'San Francisco Bay Blues' revisited: Moving back to Jesse Fuller


jesse fuller sml 092709.jpg

Move on Down the Line

By Kimberly Chun

He was “the Lone Cat,” for sure. Bay Area blues-folk 12-string guitarist and vocalist Jesse Fuller went by that moniker back in the day -- he died in 1976 at 80 -- when he plied his one-man band (including his fotdella, a foot-operated hammer-and-pedal string bass of his own invention, and harmonica-kazoo-cymbals-washboard setup) on the streets of San Francisco.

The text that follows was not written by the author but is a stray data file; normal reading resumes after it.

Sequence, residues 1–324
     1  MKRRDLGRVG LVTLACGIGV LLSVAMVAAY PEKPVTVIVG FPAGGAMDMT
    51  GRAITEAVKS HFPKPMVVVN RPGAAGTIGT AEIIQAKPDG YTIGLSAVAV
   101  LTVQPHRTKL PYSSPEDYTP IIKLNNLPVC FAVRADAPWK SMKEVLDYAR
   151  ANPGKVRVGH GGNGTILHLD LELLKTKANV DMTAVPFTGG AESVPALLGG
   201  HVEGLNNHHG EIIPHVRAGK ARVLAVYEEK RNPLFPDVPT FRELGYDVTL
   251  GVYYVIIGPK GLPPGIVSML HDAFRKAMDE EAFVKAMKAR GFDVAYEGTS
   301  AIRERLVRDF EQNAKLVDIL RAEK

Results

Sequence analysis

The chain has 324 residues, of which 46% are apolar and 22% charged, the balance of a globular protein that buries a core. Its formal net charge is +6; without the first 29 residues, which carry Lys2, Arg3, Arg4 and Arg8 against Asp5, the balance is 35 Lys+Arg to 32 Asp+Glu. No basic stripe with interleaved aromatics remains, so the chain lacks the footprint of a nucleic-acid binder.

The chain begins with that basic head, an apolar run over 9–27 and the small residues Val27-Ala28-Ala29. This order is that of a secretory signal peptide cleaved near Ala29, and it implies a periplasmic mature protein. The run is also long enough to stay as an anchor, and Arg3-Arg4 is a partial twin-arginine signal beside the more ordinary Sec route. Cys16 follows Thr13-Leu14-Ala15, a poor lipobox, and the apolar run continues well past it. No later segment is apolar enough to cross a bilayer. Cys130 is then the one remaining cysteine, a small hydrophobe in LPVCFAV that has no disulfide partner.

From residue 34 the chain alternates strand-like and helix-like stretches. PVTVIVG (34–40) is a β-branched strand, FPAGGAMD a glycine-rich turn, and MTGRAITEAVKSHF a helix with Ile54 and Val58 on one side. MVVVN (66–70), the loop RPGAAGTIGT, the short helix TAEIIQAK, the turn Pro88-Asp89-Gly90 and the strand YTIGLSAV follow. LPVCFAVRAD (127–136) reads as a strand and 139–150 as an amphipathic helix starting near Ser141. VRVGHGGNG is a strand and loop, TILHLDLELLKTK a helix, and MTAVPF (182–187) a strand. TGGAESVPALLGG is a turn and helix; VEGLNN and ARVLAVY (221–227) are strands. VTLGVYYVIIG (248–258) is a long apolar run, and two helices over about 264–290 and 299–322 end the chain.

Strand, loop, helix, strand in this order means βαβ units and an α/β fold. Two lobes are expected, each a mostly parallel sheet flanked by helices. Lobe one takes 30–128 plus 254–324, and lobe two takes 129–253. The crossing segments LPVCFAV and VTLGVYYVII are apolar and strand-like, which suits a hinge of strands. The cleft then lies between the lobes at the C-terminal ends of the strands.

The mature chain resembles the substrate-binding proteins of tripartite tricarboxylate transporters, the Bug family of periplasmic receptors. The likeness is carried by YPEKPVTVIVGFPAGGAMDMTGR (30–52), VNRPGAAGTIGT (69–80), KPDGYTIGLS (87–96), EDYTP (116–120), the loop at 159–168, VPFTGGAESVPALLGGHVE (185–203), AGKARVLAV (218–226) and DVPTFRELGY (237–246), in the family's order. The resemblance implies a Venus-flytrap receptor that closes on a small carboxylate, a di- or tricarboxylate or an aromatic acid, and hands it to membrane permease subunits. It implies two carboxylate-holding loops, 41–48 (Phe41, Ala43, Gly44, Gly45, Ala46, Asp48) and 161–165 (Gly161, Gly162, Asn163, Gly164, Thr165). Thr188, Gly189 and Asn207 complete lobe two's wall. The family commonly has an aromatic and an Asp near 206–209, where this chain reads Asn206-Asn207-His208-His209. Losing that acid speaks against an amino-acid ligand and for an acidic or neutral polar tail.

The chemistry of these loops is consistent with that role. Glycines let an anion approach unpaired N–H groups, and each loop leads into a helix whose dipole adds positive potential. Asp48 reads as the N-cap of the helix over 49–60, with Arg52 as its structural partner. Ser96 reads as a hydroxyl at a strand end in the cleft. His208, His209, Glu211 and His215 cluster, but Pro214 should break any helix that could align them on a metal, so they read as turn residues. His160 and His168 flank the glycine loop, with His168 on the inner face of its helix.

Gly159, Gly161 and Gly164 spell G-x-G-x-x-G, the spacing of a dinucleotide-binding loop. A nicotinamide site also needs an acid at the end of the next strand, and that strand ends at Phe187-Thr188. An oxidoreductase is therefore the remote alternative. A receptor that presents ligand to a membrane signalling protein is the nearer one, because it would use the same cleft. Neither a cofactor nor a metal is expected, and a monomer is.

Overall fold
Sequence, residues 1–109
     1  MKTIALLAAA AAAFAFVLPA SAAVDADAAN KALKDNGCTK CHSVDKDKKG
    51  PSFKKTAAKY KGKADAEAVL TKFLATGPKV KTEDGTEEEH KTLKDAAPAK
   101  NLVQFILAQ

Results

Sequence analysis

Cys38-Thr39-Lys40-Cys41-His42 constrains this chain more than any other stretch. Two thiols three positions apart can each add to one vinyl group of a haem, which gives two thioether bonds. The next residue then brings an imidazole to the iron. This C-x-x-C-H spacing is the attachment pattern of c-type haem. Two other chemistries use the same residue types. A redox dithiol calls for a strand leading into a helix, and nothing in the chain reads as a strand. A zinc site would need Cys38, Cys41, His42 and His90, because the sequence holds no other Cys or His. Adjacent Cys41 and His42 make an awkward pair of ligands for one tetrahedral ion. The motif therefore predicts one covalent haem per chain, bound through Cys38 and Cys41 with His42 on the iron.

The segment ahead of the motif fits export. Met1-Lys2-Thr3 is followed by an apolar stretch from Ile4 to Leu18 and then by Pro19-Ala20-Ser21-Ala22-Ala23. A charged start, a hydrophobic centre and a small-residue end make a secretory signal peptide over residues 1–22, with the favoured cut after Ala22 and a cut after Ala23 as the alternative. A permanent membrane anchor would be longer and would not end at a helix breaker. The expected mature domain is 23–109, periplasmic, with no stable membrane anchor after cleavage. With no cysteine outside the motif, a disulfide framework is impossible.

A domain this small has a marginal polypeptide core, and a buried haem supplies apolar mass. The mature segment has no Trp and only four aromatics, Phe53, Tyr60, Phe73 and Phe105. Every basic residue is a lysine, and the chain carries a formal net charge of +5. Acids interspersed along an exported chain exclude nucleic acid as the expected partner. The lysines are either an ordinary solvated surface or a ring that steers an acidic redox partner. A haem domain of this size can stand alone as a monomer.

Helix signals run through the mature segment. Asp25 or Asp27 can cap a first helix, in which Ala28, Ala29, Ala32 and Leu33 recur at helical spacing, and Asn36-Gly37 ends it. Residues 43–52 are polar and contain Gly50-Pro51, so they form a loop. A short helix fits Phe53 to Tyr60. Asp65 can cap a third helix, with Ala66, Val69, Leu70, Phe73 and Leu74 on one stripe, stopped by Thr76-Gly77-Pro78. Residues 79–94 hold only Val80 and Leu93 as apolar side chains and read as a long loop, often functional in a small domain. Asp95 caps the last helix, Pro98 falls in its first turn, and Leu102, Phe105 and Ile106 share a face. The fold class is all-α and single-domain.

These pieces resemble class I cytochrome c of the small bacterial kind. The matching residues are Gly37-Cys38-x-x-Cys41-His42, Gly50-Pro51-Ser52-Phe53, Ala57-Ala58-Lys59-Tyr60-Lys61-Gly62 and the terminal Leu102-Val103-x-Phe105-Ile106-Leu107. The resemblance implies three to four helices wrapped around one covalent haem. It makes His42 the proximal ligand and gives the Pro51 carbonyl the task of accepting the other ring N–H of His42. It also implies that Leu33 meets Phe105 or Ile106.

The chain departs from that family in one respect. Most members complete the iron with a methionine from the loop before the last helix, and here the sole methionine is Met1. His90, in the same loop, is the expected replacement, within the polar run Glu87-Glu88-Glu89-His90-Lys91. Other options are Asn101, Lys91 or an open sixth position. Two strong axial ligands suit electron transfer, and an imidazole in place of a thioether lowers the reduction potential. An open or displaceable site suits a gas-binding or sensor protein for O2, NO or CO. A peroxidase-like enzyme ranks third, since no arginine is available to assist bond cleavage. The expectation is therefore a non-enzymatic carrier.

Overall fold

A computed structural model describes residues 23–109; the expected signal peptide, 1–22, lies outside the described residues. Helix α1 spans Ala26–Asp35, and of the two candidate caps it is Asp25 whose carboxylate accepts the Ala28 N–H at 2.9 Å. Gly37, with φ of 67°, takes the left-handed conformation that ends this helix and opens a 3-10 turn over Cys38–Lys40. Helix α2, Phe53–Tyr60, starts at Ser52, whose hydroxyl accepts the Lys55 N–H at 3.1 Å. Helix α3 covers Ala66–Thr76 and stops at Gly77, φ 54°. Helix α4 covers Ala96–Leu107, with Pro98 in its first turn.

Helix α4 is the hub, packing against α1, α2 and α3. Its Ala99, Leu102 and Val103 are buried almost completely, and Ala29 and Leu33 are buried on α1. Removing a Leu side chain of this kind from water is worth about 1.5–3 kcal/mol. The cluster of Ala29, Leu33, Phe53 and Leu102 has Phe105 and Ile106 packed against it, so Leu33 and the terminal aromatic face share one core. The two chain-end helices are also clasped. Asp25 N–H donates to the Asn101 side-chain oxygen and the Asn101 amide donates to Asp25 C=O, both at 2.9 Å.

The self-described “folk songster” spent years riding the rails after leaving his native Georgia, arrived in SF to work its shipyards as a wartime welder, and later opened an Oakland shoeshine parlor. He also penned blues-folk standard “San Francisco Bay Blues,” which went on to be covered by everyone from Ramblin’ Jack Elliott and Bob Dylan to Eric Clapton and Paul McCartney. Fuller certainly displays an inviting feline ease on the original version of that number on the lovingly assembled Move on Down the Line, supplemented by notes by music maven Joe Boyd and filled out with a number of tracks that aren’t on other Fuller discs in print. The songwriter’s version is the definitive ode to the city: brisk, breezy, driven by his evocative, supple drawl and bring-it-all-home kazoo solo. It’s the finale to a quirky, compelling, and essential document of a now-less-than-recognized piece of SF music history -- a part of the Southern blues tradition that carved out his own place by the Bay.